Ariz. Presses Immigration Law In Appeals Court
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The state of Arizona hopes it will soon be able to implement its controversial immigration law. Parts of the law have been on hold since July when a federal judge, Susan Bolton, ruled that those elements infringed on the authority of the federal government.
Yesterday the state asked a panel of federal judges to make the law whole so Arizona can enforce it. NPR's Ted Robbins reports.
TED ROBBINS: On the eve of election day, Arizona Governor Jan Brewer was not in Arizona. She was at the court of appeals in San Francisco.
Governor JAN BREWER (Republican, Arizona): Most defendants show up in court when they're sued.
ROBBINS: Brewer was named as a defendant when the U.S. Justice Department sued the state to stop parts of the law known as SB 1070 from taking effect. Her decision to enact the bill turned out to be a good one politically. The Republican surged ahead in the polls last spring just after signing it. Yesterday, Brewer once again lashed out at the federal government because she says it's not enforcing existing immigration law.
Gov. BREWER: We would not be here today. We would not be here with Senate Bill 1070 if the federal government would have done their job, which they have not.
ROBBINS: Inside the courtroom, it was Brewer's lawyer, John Bouma, doing the talking. And the three judges on the appeals panel stopped him cold when he brought up anything vaguely political.
Mr. JOHN BOUMA (Attorney): Your Honor, Arizona is trying to deal with the problems that arise from a federal immigration system that even President Obama acknowledges is broken.
Judge CARLOS BEA (Ninth Circuit Court of Appeals): Mr. Bouma, let's forget about what arguments you might address to a jury or to a legislature. Tell us how Judge Bolton was wrong.
ROBBINS: Judge Carlos Bea and his colleagues wouldn't even discuss some of the provisions of SB 1070 which Judge Bolton blocked. She was right, they said, to block the section making it a crime for illegal immigrants to solicit work. Federal law only punishes those who hire illegal workers.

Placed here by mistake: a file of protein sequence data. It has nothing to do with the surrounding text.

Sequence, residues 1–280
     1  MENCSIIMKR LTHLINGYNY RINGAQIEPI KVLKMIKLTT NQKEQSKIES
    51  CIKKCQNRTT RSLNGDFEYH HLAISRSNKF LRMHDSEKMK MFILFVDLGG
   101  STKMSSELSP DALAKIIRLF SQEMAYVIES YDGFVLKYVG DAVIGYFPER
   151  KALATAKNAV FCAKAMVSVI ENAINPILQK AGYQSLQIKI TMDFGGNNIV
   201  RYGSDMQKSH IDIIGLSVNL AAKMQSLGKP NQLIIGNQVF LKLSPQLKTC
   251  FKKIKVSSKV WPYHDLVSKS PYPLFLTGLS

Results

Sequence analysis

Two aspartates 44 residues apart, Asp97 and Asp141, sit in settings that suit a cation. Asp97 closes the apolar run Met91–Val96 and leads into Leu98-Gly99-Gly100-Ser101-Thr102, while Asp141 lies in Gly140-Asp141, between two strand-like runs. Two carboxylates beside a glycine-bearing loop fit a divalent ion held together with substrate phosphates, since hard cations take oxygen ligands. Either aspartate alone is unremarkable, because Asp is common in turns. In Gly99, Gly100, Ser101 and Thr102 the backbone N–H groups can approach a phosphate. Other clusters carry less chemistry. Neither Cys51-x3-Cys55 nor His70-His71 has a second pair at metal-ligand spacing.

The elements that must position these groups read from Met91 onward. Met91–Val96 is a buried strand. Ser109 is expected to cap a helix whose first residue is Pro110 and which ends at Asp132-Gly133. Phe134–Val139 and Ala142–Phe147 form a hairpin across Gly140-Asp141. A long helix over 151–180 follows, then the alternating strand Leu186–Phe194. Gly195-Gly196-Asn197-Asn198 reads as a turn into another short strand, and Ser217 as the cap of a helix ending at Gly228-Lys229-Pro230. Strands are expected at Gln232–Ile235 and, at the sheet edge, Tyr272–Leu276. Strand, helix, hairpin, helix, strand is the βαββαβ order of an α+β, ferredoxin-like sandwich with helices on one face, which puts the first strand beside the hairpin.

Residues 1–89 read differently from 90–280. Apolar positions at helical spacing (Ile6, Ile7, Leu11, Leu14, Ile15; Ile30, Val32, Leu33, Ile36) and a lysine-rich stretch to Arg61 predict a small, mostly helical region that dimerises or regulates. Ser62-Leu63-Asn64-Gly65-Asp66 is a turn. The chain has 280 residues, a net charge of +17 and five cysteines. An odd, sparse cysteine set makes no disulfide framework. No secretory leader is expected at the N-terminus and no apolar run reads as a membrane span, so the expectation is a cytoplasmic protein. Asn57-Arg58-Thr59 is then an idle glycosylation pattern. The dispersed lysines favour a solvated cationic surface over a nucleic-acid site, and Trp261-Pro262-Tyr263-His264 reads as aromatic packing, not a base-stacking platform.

Judge BEA: The congressional intention was not to punish employees. Now, right or wrong, this three-judge panel must follow that rule.
ROBBINS: The judges weren't any easier on the Justice Department's lawyer, Edwin Kneedler. He argued that only the federal government can enforce immigration law under the Constitution. Arizona cannot require local law enforcement officers to question the immigration status of suspects. But Judge John Noonan pointed out that police all over the country voluntarily cooperate with the Feds on immigration matters.
Judge JOHN NOONAN (Ninth Circuit Court of Appeals): If the federal government wants to preempt this field, Congress can say so. We cut off communications. We don't want to have this information sought. But it hasn't done so. I would think the proper position would be to concede that this is a point where you don't have an argument.
ROBBINS: That was the strongest indication that the appeals court is inclined to vacate parts of the lower court's injunction.
Either way, whoever loses any part of the case is likely to ask the Supreme Court to hear it. In fact, the man who came up with the law, Arizona State Senator Russell Pearce, says he's looking forward to a Supreme Court hearing.
State Senator RUSSELL PEARCE (Republican, Arizona): You know, we will prevail at the Supreme Court level in a 5-4, possibly even a 6-3 decision.
ROBBINS: So you really want to push it to the Supreme Court?
State Sen. PEARCE: I absolutely do. This is a state sovereignty issue.
ROBBINS: And not just for Arizona. Legislators in nearly two dozen other states are contemplating laws similar to SB 1070. Monday's hearing was just on the injunction. No court has heard any arguments on the merits of the law itself. The appeals court could send the case back to the district level. A number of civil rights groups have also sued to strike down SB 1070, and those cases have not yet been heard.
Meanwhile, even though the law faces legal challenges, polls say it remains popular with a majority of Arizona voters.
Ted Robbins, NPR News.
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